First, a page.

Yellow Jacket Renaissance - Sprayberry softball finds new life under new coach
by Carlton D. White
cwhite@mdjonline.com
September 02, 2014 04:00 AM | 2721 views | 0 0 comments | 5 5 recommendations | email to a friend | print
Leading this year’s Lady Yellow Jackets are, from left, K.K. Breh, Jen Gentile, Kierston Moore, Charlie Smith and Payton Wades. The program, which hasn’t made the playoffs since 2002, is currently 4-1 in Region 7AAAAA play. Staff/ Jeff Stanton
Leading this year’s Lady Yellow Jackets are, from left, K.K. Breh, Jen Gentile, Kierston Moore, Charlie Smith and Payton Wades. The program, which hasn’t made the playoffs since 2002, is currently 4-1 in Region 7AAAAA play. Staff/ Jeff Stanton
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There’s a different mindset among this year’s Sprayberry softball players.

After enduring losing seasons for more than 10 straight years, the Lady Yellow Jackets are out to change their fortunes this season, and they have a talented new coach to support them.

Success at Sprayberry isn’t unprecedented. Prior to 2002, the Lady Yellow Jackets bested Brookwood 2-0 to win the 2001 Class AAAAA fastpitch championship, and made the 2000 Class AAAAA final where it lost 5-0 to Harrison.

The years since have been a struggle for the Lady Yellow Jackets. However, under first-year coach Nickie Rogers, Sprayberry is undergoing a renaissance at the plate, in the circle and on the field as it competes for its first playoff spot since going 0-2 in the Class AAAAA elite eight finals in 2002.

“I’m ready for the challenge,” said Rogers, who is in her first season as a head coach after spending the last 16 years as an assistant at Dawson County. “The kids were hungry to learn here. Everything that I’ve brought in, they’ve embraced. I’m really excited about the opportunity to come here.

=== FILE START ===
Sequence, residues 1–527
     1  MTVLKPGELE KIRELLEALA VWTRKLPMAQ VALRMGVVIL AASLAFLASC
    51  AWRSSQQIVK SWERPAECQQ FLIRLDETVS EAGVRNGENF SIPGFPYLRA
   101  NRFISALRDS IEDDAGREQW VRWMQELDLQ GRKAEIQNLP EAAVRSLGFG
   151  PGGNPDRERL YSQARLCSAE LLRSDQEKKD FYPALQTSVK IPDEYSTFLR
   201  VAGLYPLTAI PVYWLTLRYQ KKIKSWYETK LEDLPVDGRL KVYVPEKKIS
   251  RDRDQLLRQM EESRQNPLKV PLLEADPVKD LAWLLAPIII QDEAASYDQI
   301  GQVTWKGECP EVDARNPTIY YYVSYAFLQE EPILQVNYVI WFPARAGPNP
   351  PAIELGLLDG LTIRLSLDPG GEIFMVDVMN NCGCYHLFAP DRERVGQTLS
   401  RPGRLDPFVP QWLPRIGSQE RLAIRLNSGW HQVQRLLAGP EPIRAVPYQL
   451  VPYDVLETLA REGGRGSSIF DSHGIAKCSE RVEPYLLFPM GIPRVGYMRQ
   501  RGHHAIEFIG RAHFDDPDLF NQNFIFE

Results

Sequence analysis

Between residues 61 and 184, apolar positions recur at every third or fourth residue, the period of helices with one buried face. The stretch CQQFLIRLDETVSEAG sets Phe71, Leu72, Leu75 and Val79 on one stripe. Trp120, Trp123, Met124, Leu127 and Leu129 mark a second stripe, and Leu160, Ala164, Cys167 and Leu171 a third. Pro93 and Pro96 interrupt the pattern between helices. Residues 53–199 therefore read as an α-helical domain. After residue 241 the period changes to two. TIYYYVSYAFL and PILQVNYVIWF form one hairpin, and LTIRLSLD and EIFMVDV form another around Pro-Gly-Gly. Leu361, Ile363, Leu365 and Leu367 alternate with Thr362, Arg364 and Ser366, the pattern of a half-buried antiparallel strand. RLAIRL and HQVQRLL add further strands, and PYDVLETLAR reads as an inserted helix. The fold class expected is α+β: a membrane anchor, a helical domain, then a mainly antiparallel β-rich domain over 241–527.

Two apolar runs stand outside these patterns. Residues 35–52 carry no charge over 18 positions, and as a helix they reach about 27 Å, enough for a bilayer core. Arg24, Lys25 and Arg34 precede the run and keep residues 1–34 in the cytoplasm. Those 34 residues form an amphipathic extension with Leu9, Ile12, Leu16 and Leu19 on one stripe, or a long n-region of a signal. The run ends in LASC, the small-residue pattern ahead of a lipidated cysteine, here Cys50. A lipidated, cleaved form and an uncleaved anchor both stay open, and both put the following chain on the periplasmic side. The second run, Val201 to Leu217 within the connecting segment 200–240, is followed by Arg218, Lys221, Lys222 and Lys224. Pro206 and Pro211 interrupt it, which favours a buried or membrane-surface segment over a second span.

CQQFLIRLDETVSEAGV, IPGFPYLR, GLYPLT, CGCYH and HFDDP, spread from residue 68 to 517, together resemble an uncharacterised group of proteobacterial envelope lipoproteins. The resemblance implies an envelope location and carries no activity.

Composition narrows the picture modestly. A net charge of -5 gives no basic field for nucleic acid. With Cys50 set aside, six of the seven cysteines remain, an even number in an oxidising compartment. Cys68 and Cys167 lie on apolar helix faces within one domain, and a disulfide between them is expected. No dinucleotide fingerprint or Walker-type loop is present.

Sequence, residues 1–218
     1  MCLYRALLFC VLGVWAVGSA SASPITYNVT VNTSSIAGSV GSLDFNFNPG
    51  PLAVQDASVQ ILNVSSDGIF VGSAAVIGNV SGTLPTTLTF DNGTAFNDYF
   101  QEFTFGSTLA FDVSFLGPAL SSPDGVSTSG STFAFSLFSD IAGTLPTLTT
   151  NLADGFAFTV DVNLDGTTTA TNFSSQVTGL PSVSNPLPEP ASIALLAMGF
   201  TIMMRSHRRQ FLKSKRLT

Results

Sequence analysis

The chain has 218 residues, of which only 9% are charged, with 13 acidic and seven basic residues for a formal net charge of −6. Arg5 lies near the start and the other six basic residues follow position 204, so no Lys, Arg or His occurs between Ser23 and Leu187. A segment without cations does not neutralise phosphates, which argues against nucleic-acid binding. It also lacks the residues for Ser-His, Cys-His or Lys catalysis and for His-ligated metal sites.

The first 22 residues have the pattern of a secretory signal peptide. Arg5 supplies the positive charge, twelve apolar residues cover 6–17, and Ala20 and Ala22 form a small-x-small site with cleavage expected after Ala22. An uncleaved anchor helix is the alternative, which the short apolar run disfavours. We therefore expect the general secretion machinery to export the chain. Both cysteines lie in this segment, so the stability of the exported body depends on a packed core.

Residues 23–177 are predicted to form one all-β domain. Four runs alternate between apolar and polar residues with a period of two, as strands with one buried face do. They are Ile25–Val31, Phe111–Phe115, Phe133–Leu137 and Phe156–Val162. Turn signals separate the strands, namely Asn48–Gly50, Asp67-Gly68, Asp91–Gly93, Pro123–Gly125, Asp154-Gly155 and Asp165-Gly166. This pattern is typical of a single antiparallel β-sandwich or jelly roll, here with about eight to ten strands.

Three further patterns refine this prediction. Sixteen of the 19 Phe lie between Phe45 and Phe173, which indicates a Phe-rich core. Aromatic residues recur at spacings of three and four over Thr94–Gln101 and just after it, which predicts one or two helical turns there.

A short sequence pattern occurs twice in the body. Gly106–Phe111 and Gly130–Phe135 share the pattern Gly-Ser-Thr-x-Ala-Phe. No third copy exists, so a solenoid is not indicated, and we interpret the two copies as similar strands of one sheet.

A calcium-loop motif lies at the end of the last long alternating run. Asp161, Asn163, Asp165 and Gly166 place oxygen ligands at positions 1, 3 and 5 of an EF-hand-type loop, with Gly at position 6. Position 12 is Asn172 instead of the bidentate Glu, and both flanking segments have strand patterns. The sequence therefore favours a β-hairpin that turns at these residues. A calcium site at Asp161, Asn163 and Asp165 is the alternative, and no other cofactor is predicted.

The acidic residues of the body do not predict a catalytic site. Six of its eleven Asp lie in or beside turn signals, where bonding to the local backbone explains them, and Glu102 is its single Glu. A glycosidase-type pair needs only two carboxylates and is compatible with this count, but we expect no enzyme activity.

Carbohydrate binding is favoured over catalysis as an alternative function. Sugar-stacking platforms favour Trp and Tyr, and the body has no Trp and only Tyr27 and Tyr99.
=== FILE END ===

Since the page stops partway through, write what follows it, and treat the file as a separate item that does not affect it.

“The drills and the conditioning, they appreciate it. If we get beat, it’s because the other team had better talent, not because we weren’t conditioned or we didn’t have the heart to win.”

Rogers grew up playing softball in Arizona before moving to Georgia when she was 14-years-old. She played collegiately at Georgia State, and later laid the groundwork in building Dawson’s County’s softball team.

Familiar with the east Cobb area and what the players had to offer, Rogers took a chance and took over the Sprayberry program when it needed a new coach.

“I thought it was a good place with talent to foster and help grow,” she said. “After seeing the talent that we have, there’s no reason to think we can’t make the state playoffs.”

The results prove what Rogers believes. Sprayberry started the season 5-0 and collected three shutout victories prior to a three-game skid that has the Lady Yellow Jackets 5-3 overall. More importantly, however, Sprayberry is 4-1 in Region 7AAAAA action heading into tonight’s matchup at Forsyth Central.

“We know we can be a contender,” Rogers said. “The girls aren’t fazed by other teams.”

 

With a roster that includes five seniors, three juniors, three sophomores and three freshmen, Sprayberry is slowly changing the way other teams perceive it. “We’re solid on defense,” Rogers said.

“The girls work hard and just do it. What I put in front of them, they do.”

Rogers believes in a full team, but credits senior outfielders K.K.

Breh and Jen Gentile, junior third baseman Kierston Moore, junior pitcher Charlie Smith and freshman shortstop Payton Wade as her “temp changers.” A four-year varsity member and three-year starter, Breh is excited to have Rogers at the helm.

“She’s whipping us into shape and where we need to be,” Breh said.

“We’ve conditioned a lot more and that’s helped.

She’s worked on our endurance and we’re more of a family because of it.

“In the past, we’ve been more like friends on and off the field, but this year, the chemistry is the best it’s ever been.”

Gentile, another four-year varsity member and three-year starter, also appreciates what Rogers has brought to the program.

“This summer, we worked out in the weight room with one of the football coaches and we ran,” she said. “We didn’t get that kind of conditioning in the past, so it was tough to play games back-to-back like teams do in tournaments and the playoffs.

“She’s brought a lot of different aspects and improved our ability to play the game. I’m not surprised at our start.

During the offseason, I saw how hard we were working. I knew we had the talent and coach Rogers is putting it together.”

Gentile has also noticed the difference in chemistry between her and her teammates.

“I think we can win the region and go to state because we’re not a team, we’re a family,” she said.

“We know our weaknesses and our strengths and we can pick each other up when we’re down.”

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